Music by Wilhelm Bros. & Co.
Reviewed by David Roberts
Theatre Reviews Limited
Despite Ranger Steve Reynolds’ (Jeremy Wilhelm) welcoming words to the NYTW audience and his insistence that “Red-Eye to Havre de Grace” is “gonna have a lot of good information [and] some important dates,” there is not much Edgar Allan Poe aficionados do not already know about Poe, his marriage to his thirteen year old cousin Virginia Clemm, his attachment to his mother-in-law (and aunt) “Muddy,” and his life-long battles with the dissolution of his ego strength and his successive descent into madness.
But providing fresh information about Edgar Allan Poe is not the purpose of Lucidity Suitcase Intercontinental’s brilliant and evocative “Red-Eye to Havre de Grace” currently running at the New York Theatre Workshop. Rather, the success of this impressive theatre-dance/performance piece depends on it razor sharp focus on Poe’s final journey on the red-eye train from Philadelphia to Baltimore – the train Poe mistakenly boarded instead of the train to his home in New York City.
Thaddeus Phillips, Jeremy Wilhelm, David Wilhelm, Geoff Sobelle, Sophie Bortolussi with Ean Sheehy – creators of “Red-Eye to Havre de Grace” – also reference “Eureka” which Poe “believed to be his greatest work, in which he offered the full explanation of the origin and annihilation of the universe.” Poe’s exploration of particle theory is not only an extraordinary and visionary treatise that “puts forth in rational terms the metaphysical phenomenon commonly referred to as ‘God;’ it is also a dignified and provocative trope for Edgar Allan Poe’s own self-destruction and demise and delving into deity.
The Lucidity Suitcase Intercontinental is a theater creation team “that uses ‘rough’ media, documentary footage, transformational scenography, improvisation, and research to create theatrical epics that peer into not-often seen worlds.” “Red-Eye to Havre de Grace” is such an epic that peers with the precision of a surgeon’s scalpel into the events surrounding Poe’s mysterious death on October 7, 1849. There have been several plausible theories of how Poe ended up in Washington College Hospital: the strength of “Red-Eye to Havre de Grace” is its commitment to exploring in detail one theory in chilling and exotic detail.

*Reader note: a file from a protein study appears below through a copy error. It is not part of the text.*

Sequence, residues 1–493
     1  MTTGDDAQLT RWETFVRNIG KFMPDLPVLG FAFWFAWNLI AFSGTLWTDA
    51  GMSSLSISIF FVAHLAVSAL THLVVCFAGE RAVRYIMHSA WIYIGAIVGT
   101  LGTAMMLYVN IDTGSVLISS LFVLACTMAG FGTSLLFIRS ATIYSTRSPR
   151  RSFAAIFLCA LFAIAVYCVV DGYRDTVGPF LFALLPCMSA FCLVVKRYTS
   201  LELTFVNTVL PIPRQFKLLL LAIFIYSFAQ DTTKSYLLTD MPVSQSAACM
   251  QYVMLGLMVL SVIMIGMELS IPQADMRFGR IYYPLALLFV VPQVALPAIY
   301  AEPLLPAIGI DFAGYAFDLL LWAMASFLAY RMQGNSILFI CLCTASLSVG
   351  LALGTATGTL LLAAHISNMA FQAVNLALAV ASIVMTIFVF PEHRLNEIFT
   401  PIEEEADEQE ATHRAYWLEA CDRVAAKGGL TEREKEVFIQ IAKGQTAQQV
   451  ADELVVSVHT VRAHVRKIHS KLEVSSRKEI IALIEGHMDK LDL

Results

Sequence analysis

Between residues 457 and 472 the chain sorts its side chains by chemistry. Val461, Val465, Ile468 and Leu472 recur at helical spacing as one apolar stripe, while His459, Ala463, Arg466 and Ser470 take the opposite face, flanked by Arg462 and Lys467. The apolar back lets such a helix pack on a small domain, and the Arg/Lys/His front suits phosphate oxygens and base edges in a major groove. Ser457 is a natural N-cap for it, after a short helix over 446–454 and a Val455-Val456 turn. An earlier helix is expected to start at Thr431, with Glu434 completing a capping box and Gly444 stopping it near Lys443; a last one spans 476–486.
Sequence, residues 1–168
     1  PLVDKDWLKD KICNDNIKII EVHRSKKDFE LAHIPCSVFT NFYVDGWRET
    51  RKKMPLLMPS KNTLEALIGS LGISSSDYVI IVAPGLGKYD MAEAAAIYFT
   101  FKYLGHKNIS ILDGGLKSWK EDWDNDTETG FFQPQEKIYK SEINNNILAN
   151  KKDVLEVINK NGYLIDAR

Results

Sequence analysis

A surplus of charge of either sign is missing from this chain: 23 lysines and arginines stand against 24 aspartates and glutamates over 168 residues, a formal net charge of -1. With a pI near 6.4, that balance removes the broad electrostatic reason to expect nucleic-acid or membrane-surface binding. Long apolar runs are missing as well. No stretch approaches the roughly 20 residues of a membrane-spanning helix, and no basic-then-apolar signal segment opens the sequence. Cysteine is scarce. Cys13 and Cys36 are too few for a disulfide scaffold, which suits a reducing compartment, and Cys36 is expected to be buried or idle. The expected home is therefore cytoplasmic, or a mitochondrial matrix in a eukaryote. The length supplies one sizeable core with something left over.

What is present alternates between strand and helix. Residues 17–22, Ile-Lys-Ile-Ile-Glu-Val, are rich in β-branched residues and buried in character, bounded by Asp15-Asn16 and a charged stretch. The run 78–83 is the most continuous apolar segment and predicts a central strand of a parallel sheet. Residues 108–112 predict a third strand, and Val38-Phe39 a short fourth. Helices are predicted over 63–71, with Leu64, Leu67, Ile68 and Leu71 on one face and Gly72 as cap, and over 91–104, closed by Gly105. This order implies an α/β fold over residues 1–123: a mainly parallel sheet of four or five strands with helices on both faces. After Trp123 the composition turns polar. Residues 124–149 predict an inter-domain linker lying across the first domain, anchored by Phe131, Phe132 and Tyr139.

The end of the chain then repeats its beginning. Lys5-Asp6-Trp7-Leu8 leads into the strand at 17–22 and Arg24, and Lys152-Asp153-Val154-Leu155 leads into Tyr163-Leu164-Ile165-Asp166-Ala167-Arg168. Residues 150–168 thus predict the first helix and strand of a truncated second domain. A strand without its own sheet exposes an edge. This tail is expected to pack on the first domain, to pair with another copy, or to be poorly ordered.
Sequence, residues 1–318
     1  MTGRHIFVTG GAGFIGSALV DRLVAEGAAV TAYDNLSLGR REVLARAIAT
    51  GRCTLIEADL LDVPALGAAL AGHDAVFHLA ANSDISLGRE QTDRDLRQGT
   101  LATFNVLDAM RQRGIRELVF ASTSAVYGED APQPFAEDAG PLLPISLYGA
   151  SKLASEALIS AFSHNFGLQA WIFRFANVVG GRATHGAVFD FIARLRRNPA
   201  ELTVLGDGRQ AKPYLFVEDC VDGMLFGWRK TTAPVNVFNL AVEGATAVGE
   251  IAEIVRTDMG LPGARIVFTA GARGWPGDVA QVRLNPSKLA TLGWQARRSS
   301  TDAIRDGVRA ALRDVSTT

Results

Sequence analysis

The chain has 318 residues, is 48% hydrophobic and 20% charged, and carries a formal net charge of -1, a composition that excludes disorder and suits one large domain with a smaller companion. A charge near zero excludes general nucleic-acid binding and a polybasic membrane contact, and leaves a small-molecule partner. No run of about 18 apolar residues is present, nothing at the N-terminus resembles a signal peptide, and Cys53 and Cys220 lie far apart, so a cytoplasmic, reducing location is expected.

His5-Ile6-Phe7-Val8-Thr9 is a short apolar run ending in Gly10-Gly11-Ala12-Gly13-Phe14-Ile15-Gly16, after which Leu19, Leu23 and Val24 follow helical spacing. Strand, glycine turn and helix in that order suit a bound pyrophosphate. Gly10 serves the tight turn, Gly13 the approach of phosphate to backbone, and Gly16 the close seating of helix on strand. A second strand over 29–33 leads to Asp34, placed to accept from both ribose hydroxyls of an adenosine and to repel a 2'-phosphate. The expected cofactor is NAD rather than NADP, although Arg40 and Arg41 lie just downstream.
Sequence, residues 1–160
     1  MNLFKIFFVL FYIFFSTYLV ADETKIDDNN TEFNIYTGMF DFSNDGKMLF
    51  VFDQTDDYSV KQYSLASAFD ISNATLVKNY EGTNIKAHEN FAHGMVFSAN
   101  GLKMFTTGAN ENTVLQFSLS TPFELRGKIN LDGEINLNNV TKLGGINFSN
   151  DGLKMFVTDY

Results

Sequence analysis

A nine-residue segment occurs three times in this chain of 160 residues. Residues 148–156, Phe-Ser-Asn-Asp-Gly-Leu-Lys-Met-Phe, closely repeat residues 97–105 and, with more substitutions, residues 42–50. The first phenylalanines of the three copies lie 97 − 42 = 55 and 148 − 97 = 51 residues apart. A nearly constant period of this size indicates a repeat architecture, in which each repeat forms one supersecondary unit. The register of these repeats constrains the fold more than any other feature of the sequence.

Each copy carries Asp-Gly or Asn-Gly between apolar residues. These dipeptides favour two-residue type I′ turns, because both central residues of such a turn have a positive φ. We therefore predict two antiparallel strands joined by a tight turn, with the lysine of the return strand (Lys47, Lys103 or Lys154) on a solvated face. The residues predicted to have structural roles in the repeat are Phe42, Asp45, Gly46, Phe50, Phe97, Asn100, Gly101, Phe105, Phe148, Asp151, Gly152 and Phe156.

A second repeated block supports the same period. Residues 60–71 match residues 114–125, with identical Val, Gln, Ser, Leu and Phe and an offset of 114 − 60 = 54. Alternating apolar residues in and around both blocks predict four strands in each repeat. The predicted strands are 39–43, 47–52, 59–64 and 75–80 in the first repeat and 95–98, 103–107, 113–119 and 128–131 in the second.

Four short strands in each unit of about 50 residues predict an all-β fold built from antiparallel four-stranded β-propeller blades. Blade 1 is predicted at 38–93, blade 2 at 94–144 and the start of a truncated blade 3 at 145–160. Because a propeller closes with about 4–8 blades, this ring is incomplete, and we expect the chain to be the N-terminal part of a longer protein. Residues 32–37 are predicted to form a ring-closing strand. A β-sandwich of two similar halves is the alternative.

Under Thaddeus Phillips’ exacting and kaleidoscopic direction and counterpointing David and Jeremy Wilhelm’s haunting music, Alessandra L. Larson as Virginia Poe and Ean Sheehy as Edgar Allan Poe deliver what might easily be the most definitive and well-defined performances about this star-crossed couple to date. Part performance piece and part theatre-dance, “Red-Eye to Havre de Grace” is at once poignant, disturbing, electric, and discomforting. The audience connects in powerful ways to Poe’s struggles to stay connected to reality and sanity as he lives out his days mourning the loss of his “Annabel Lee” as the thumping of the “Tell-Tale Heart” reminds him of all that he has buried which is not yet forgotten.
Additionally, Poe’s battles with alcohol and laudanum connect in dramatic ways to our individual and corporate attempts to dull the pain and ennui of the twenty-first century and its sometimes hallucinogenic forays into false hopefulness and denial of reality. Humanity’s grasp on lucidity and sanity is at best tentative and seems often on the brink of dissolving into a sea of paranoia. Ranger Steve (why not Conductor Steve?) narrates Poe’s last hours before his death with skill and chilling humor and the powerful craft of Ms. Larson and Mr. Sheehy lead us to the glorious place where questioning our own sanity leads us gently to the very Valley of the Shadow just east of Eldorado.